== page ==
That's why Verisign has put a "Snubby Mail Rejector Daemon" in
place, by the way; unfortunately, this is a poorly-written piece of
software that leads to problems by itself.

8. Talking about specific implications, sitefinder is breaking spam
filters throughout the net, it's impacting e-mail delivery, it's
even breaking network printing in some places. More generally, it
confuses users of any TCP/IP-based services -- a refused connection
(or a timeout, when the service is down) is often an indicator of
temporary network or server problems, and not something that would
cause the user to re-check a domain name he has typed in.


I'm looking forward to discussing this issue on the next council
call.

Kind regards,
-- 
Thomas Roessler  <roessler@xxxxxxxxxxxxxxxxxx>
At-Large Advisory Committee: http://alac.info/









On 2003-09-16 15:05:27 -0400, Jeff Neuman wrote:
> From: "Neuman, Jeff" <Jeff.Neuman@xxxxxxxxxx>
> To: 'Thomas Roessler' <roessler@xxxxxxxxxxxxxxxxxx>, council@xxxxxxxx
> Date: Tue, 16 Sep 2003 15:05:27 -0400
> Subject: RE: [council] ALAC statement on resolution of non-existing domain
>        names
> Return-Receipt-To: "Neuman, Jeff" <Jeff.Neuman@xxxxxxxxxx>
> X-Spam-Level: 
> 
> Thomas, I believe you have characterizations in this note without any
> back-up.  To state there are "grave technical concerns" is probably one of
> the greatest overstatements that I have heard in a long time.  Before coming
> to any conclusions in your study, I would first submit a list of questions
> to VeriSign to answer and then gather input from the community (if you so
> desire).
> 
> For example, it is my understanding that VeriSign has devised a method, as
> we have as well (in our test several months ago), of only redirecting
> websites and not MX records.  Therefore, e-mail is unaffected.
> 
> Also, when stating that "users are deprived the opportunity of
> choosing....".  Please provide examples of this?  What users do you know
> that "choose" how they get an error message back.  For example, do those who
> use MSN browser "choose" to get an MSN search redirect rather than an error
> message?  And what is to stop other browsers from doing the same thing.  In
> addition, please provide concrete examples as to how software makers are
> being deprived.  Thomas, I am a little disappointed in your analysis as it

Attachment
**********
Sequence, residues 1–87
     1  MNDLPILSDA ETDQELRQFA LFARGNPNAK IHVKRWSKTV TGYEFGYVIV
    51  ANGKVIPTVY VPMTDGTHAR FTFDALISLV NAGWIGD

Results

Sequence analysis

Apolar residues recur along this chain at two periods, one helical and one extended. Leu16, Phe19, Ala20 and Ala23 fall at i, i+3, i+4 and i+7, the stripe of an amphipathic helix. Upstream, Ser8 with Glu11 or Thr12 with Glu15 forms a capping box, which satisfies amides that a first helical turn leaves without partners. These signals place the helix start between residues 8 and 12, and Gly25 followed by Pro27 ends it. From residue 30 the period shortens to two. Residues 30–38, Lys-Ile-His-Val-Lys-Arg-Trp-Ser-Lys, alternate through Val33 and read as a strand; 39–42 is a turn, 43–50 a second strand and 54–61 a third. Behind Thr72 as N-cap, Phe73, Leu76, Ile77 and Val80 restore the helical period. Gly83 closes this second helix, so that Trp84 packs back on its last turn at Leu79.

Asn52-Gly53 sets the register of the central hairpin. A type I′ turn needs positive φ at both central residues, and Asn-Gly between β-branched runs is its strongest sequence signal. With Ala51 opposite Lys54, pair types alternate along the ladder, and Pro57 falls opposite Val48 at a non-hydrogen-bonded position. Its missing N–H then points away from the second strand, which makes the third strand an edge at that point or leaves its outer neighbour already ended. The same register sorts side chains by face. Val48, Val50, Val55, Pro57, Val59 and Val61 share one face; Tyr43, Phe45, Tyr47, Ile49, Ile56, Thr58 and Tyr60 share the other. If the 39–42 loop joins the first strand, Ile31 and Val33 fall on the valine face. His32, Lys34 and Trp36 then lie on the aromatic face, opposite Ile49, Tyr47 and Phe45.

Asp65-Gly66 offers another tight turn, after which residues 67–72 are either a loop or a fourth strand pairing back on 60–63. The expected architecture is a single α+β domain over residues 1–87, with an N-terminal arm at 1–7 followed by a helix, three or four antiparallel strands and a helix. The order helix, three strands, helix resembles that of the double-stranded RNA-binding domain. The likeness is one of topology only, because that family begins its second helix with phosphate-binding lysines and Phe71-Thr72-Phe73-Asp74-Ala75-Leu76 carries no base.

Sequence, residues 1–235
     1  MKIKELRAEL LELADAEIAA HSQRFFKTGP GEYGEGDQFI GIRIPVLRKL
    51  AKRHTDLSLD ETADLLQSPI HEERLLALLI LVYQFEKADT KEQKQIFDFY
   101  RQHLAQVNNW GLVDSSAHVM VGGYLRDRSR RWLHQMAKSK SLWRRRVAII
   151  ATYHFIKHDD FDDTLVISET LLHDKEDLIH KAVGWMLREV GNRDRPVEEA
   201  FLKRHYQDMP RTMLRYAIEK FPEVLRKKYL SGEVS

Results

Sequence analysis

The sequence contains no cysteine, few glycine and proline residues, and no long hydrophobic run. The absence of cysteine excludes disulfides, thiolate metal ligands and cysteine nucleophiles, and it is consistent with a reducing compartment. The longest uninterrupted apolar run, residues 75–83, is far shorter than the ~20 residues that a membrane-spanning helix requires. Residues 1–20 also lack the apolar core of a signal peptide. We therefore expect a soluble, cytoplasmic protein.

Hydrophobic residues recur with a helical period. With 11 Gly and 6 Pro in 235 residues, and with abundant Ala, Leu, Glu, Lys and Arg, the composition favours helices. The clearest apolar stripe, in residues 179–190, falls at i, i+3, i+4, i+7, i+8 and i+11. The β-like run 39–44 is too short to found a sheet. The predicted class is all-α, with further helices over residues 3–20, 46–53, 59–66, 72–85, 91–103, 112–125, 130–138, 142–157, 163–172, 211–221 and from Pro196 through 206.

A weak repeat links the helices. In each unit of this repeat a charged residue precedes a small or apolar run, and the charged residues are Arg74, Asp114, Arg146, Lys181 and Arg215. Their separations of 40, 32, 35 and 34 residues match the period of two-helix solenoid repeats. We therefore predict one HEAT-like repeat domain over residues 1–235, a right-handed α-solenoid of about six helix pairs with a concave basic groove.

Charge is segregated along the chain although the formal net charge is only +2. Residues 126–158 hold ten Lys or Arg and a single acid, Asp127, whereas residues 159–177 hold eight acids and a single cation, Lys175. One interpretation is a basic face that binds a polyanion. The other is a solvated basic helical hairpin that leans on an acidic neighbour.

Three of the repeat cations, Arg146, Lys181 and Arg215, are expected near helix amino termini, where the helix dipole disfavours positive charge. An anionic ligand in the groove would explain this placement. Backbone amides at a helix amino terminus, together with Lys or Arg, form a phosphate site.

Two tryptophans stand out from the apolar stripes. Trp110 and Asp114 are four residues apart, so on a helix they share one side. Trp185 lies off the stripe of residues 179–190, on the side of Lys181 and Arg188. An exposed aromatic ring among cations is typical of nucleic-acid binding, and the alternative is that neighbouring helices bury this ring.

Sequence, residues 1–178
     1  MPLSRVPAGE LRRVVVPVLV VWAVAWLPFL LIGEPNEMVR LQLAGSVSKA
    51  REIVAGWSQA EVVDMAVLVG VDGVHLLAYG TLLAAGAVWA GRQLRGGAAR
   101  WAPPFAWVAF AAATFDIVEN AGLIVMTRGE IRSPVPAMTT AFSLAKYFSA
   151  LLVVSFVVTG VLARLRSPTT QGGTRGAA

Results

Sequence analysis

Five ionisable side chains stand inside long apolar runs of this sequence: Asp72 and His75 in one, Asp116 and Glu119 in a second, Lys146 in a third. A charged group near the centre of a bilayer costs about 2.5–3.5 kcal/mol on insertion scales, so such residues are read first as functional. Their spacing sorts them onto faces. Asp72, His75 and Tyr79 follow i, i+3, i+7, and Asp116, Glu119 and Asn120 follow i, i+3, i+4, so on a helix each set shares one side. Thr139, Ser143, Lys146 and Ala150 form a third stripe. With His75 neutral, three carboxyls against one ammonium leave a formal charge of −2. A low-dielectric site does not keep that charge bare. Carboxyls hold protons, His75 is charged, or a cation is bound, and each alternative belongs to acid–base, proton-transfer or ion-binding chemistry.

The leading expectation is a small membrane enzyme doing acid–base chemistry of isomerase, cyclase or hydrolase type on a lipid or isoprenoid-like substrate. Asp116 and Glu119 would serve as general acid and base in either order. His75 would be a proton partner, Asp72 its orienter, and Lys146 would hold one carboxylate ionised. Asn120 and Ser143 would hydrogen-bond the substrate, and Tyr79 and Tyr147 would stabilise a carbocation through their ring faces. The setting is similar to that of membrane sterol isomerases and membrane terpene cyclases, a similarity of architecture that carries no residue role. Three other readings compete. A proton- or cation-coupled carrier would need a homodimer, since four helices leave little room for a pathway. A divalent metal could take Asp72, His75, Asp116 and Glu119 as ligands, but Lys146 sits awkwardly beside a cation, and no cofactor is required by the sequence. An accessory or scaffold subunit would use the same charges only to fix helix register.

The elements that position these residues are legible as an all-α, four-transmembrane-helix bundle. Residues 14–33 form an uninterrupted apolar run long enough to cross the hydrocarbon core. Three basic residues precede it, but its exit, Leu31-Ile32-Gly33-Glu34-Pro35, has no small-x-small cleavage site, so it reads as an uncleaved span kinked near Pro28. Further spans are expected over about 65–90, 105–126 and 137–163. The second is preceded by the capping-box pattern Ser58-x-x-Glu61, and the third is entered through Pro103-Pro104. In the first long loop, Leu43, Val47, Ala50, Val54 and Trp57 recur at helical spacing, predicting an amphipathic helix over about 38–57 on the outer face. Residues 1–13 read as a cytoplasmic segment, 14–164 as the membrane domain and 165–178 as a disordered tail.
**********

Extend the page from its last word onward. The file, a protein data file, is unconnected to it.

> provides broad generalizations and no proof.  Lets get past emotion and get
> the true real concrete facts out on the table.  Yes, there are applications
> out there that depend on the error message.  However, these applications can
> easily be updated to accomplish the same functionality.  In fact, I noticed
> a patch on the OpenSRS list that someone devised (in less than 24 hours)
> which updates many DNS programs.
> 
> Rather than giving the "technical purist" argument (i.e., the Internet is a
> sacred animal and anything that alters some of the functionally of the past
> is "grave"), please provide us with concrete examples, which you have
> tested, in which the technical parameters of the internet are violated and
> explain in detail exactly how the every day common user of the Internet is
> affected.  
> 
> There are two sides to every coin.  Are you also examining the benefit to
> the common Internet user that may be looking for a place to go on the
> Internet and cannot find his or her way?  What about the benefits of a
> search engine to make the Web more easily navigable?  Or has the ALAC
> already reached the same conclusion you have (in less than 24 hours).
> 
> The VeriSign service has been alive and well for 24 hours?  Did the Internet
> break?  One last note.....to show that the MX records are still returning
> errors, I have attached an error e-mail message which took less than 4.5
> seconds to get returned to my inbox (yes, I did time it).  I would say the
> Internet as we know it is alive and well.
> 
> Thomas, I would urge that if you truly intend to study this, that you create